In the Garden

This series was inspired by Soulemama. She shared her garden’s weekly progress last season and I enjoyed seeing the changes and sharing in her garden rhythms and rituals.

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Our home and acre on Nova Scotia’s South Shore is nestled in between rolling hills of forest and pasture where seagulls daily float and weave overhead in the salt air. The locals haul seaweed from the beach to fertilize and mulch their gardens – a beautiful, natural solution that they simply say is common sense.

After gardening in the Annapolis Valley for two years, we will be adapting to a coastal climate and shorter growing season. We have plans to extend the season in a variety of ways – we have most of the materials and helping hands promised to build a greenhouse this summer and we planted a cold frame earlier this Spring. I imagine our cool weather crops will do well here, whereas our broccoli bolted and peas shrivelled in the heat of the Annapolis Valley, even in Spring.

 

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This week: the cold frame is full of sprouting lettuce, radish, beets, chard, kale, arugula, and mesclun; peas & beans in pots. We had two yards of soil rich with organic matter delivered (by dump truck, much to one little girl’s delight) to fill the raised beds, which we built using the worst of the old hemlock salvaged from the barn where we enjoyed our incredible elopement dinner last August.

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I aerated and amended my inherited rhubarb plant, which should be divided this Spring or Fall. I also built a little brick edging around it for fun and tidiness, and created another bed this way against the baby barn for sunflowers and scarlet runners to climb. The chickens are taking care of business in an area where we plan to create more gardens.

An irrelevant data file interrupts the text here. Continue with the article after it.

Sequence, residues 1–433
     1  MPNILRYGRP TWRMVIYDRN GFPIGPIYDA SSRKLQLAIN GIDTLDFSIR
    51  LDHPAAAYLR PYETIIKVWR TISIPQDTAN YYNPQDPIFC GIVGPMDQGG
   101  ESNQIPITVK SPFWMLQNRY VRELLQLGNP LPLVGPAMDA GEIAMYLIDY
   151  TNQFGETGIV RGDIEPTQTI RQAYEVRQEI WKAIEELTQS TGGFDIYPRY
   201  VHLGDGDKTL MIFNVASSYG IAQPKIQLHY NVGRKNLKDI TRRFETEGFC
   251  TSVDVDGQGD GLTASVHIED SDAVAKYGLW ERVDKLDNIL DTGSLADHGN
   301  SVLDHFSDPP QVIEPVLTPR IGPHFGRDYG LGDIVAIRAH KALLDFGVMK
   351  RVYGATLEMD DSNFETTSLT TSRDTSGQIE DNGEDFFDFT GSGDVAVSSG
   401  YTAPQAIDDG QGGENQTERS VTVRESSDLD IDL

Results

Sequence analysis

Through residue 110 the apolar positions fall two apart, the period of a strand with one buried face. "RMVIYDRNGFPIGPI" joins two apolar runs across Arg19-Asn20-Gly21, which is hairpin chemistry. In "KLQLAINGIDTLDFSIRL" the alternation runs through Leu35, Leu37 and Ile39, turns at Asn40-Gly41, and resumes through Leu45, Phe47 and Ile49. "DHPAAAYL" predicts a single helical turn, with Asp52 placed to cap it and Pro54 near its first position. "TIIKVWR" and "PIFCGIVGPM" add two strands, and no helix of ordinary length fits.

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Revisiting :: childhood memories of thieving rhubarb from my mother’s garden.

Resisting :: the urge to turn every patch of lawn in sight into a garden.

Replanting :: seeds where others did not germinate.

Replenishing :: the earth that hasn’t been planted in many years, since this was farmland.

Relishing: a bit of sun, the sight of garlic growing, learning about our chickens with my daughter.

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remembering this rhubarb thief

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the next generation

 

{note copied from soulemama If you’re keeping garden notes and photographs and want to share it with the rest of us, do leave a comment with a link so that we may take a stroll through your garden too! It’s a delight to see what and how things are growing all over, and to read the comments with such great gardening wisdom! Thank you all for continuing to share in this little project.}

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